Okay, so I decided to build the stand for my 10 Gallon because well I don't want to spend 80 buck on one. I like minimalism in my stands and don't care for full cabinet styles, especially on smaller tanks as they tend to look too blocky. So here we go.
1 piece of solid poplar cut to size of tank.
4 1/4"x4-1/2" hex bolt with 2 washers and nut each.
8 1/4"x3-1/2" hex bolt with 2 washers and nut each.
4 1/4"x3-1/2" lag bolt with 1 washer each.
2 T-Brackets w/ screws
6 wood screws
6 Furniture floor pegs
~ $20 sanded and unfinished.
The beauty of this design is it can be adjusted for nearly any size tank by exchanging the 2"x3"'s for 2"x4"'s, 6's or a combo of the three.
I started with the table top section. First I attached the two side beams on the outer edges of the poplar table top. 2 wood screws from the top of the board. I counter-sunk the screws so the hole can be filled and sealed later.
Then I inserted a cross beam, on center. It is secured with one lag bolt on each side. As you can see below, the head of the lag bolt is recessed into the side beams. This is so it can be hidden by the 1"x4" appearance boards that will wrap the table top.
Next the base of the tank is framed. The T-brackets are used to secure the framing square and is not intended to be structural. Lag bolts will be used to provide the structural integrity as in the table top frame. These lag bolts will not be recessed, however.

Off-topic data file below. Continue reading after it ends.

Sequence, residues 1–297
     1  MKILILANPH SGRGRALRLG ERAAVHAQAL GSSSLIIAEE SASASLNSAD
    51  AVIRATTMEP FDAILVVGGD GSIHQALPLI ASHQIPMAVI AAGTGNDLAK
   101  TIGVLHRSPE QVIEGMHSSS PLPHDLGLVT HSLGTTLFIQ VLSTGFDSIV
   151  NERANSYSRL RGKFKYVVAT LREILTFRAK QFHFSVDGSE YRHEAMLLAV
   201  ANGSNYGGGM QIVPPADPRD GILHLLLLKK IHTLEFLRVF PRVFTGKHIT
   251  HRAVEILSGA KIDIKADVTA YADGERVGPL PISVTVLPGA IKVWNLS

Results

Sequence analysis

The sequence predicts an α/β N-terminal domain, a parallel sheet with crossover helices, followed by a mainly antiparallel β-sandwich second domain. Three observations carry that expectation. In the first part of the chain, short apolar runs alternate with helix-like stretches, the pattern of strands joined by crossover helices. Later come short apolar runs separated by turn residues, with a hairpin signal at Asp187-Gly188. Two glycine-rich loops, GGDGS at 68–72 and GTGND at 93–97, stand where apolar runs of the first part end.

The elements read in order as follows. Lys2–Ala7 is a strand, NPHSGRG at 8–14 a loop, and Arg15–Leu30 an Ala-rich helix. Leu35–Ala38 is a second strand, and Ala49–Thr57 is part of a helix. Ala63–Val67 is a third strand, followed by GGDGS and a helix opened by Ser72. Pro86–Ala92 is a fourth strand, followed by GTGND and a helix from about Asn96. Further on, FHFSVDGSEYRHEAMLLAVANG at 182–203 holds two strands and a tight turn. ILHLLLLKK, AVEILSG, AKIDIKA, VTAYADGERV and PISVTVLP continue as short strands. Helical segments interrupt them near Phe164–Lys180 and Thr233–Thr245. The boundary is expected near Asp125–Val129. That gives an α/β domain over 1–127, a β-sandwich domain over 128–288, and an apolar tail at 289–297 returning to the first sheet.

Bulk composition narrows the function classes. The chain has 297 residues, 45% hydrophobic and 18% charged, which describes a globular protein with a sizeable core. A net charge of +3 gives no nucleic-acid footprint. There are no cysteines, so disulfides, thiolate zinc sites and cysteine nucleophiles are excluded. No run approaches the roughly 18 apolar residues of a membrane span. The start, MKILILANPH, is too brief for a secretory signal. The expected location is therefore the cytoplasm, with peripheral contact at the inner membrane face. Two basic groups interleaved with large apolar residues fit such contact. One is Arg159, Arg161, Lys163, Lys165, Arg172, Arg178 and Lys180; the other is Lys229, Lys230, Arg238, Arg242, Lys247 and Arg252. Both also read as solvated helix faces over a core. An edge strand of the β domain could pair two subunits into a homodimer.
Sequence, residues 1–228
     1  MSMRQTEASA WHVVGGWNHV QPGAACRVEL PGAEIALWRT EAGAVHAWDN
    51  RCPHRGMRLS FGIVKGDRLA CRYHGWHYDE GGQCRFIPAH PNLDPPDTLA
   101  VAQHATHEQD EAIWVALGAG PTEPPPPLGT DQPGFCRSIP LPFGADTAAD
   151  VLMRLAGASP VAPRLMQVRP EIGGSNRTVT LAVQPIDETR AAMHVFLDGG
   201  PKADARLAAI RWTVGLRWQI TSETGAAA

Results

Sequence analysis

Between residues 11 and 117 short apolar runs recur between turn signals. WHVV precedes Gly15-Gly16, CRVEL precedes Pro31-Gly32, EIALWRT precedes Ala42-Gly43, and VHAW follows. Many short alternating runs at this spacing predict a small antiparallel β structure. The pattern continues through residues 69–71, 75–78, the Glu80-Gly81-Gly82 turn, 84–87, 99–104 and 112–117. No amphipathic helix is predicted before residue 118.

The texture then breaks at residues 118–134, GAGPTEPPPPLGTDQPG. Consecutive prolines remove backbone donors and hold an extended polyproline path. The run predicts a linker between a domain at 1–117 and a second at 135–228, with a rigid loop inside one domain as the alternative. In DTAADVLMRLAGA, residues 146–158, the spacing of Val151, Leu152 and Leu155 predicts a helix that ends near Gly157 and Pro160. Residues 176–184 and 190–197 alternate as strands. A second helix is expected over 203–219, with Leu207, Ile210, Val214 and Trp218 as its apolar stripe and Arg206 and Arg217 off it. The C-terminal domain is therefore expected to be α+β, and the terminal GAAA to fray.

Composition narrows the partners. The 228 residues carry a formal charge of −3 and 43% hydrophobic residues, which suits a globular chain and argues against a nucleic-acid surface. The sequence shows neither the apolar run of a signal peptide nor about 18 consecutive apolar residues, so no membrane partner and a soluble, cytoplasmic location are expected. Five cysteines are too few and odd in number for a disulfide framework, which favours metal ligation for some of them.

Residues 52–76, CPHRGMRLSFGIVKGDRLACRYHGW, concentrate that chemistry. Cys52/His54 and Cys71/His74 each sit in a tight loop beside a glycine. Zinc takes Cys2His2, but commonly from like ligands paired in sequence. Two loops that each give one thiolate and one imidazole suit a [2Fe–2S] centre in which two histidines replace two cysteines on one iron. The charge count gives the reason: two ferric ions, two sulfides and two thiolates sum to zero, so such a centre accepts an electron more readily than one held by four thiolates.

The furniture pads are placed on the same side as the T-Brackets so they are not seen in the completed piece. The furniture pads used here are adjustable to insure a level tank.
Next the Vertical supports are attached to the table top. A single 1/4" hole is drilled on center to each support. The hole extends through the side beam of the table top frame as well as the 1"x4" appearance board.
The whole side is assembled at once with the 4-1/4" hex bolts extending through each piece. It is given a quick tightening with enough give left to adjust the vertical supports square and plumb.
The frame base is attached in a similar manner except 2 hex bolts are used. They are placed at 45 degree angle to each other to insure the verticals don't pivot or buckle under the weight of the water. At this time the lag bolt is secured to the base cross-beam (not pictured).
The framing is set square and plump before the hex bolts are given the final tightening. 2 levels and a speed square remain in contact with the stand as I tightened the bolts to insure everything stays square and plumb while tightening.
This is how it looks with the final 1"x4" attached to table top frame with 2, counter-sunk, wood screws. It has been sanded as is awaiting the sealing of the 6 wood screw holes before priming and painting. I haven't done this yet.
As you can see its a very open design. Shelves can be installed if desired; it can also be adapted to have a door for a non-cube looking cabinet stand.
The lighting project will soon be in the works. I first need to figure some things out so watch for another thread for insight on that one.